Some people call it "dumping"
Time (not enough of it) is often the reason for this attempt to have a conversation, an exchange of information or a visit without really paying full attention. It's a kind of energy conservation or, attempt at that. It's an effort to be efficient. Often it turns out to be less efficient than if both had actually paid attention in the first place since things have to be repeated.
Interrupting is another matter, and, very annoying. If you really want to make a point and you get cut off, you will have to wait, hold your focus, respond to the deviation and then, bring the thread of the conversation back to where you were going so that you can make your point.
Why do people interrupt? The not wanting to really listen, as discussed above, is one reason. Being impatient is another. Often it has to do with being, not in an exchange, but doing a diatribe. In other words, the person who interrupts is only listening to the other enough to be reminded of something or to use the other's offering as a jumping off point for another idea of their own that they want to express. They are not truly engaged in an exchange. What they want to do is discharge, rant, or lecture. That is a one-sided type of communication.
A real conversation is mostly made up of listening and responding, on both parts.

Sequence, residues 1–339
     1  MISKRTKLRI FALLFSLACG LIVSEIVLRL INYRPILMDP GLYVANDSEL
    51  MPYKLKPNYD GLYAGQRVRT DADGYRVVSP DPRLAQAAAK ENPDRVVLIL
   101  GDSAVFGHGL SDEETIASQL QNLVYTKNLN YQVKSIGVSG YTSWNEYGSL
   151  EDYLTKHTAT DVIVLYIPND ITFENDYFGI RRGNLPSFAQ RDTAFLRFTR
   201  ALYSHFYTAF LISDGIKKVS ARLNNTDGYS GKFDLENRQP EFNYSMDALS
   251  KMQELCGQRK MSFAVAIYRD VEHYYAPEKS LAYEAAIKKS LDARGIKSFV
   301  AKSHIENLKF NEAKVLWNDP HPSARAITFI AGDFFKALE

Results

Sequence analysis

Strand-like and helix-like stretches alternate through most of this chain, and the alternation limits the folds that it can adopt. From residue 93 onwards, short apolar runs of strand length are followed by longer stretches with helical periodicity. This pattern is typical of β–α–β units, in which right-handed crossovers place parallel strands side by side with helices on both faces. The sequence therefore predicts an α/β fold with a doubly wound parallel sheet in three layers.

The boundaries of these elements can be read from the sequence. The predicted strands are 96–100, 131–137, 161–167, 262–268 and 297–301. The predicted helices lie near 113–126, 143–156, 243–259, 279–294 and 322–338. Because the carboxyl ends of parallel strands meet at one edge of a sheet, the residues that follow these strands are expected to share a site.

In some cases the reason for not listening is deeper than just feeling rushed. It may be defensive; possibly the person is trying to to avoid hearing difficult information, maybe they don't want to be influenced, or there may be another personal reason. As the reader who wants to learn about yourself, this is where it gets interesting. Do you ever notice yourself pretending to listen or politely faking it or doing the interrupting thing? You can self-reflect on this: Ask yourself why.
As for those who fake listen to you, you already know that it is tiring. A good conversation should leave you feeling fine, not weary, not annoyed, not vaguely discontent.
~Rather than enervate you, a good conversation should invigorate you. You should leave feeling intact (boundaries not violated). Neutral is okay but if you leave feeling enhanced, that's a conversation wherein both people were real (open, honest, congruent); that is the stuff of emotional intimacy. You should not leave feeling depleted and if you suspect you are leaving others a little worse for the wear, it might be enlightening to put some attention on why.~
(What kind of conversation do you think the people in the picture are having?)
Have you had experiences like those described in this post?
A suggested post if you wish to think further on this topic:and there are also 10 more, enlightening posts on this subject of communication.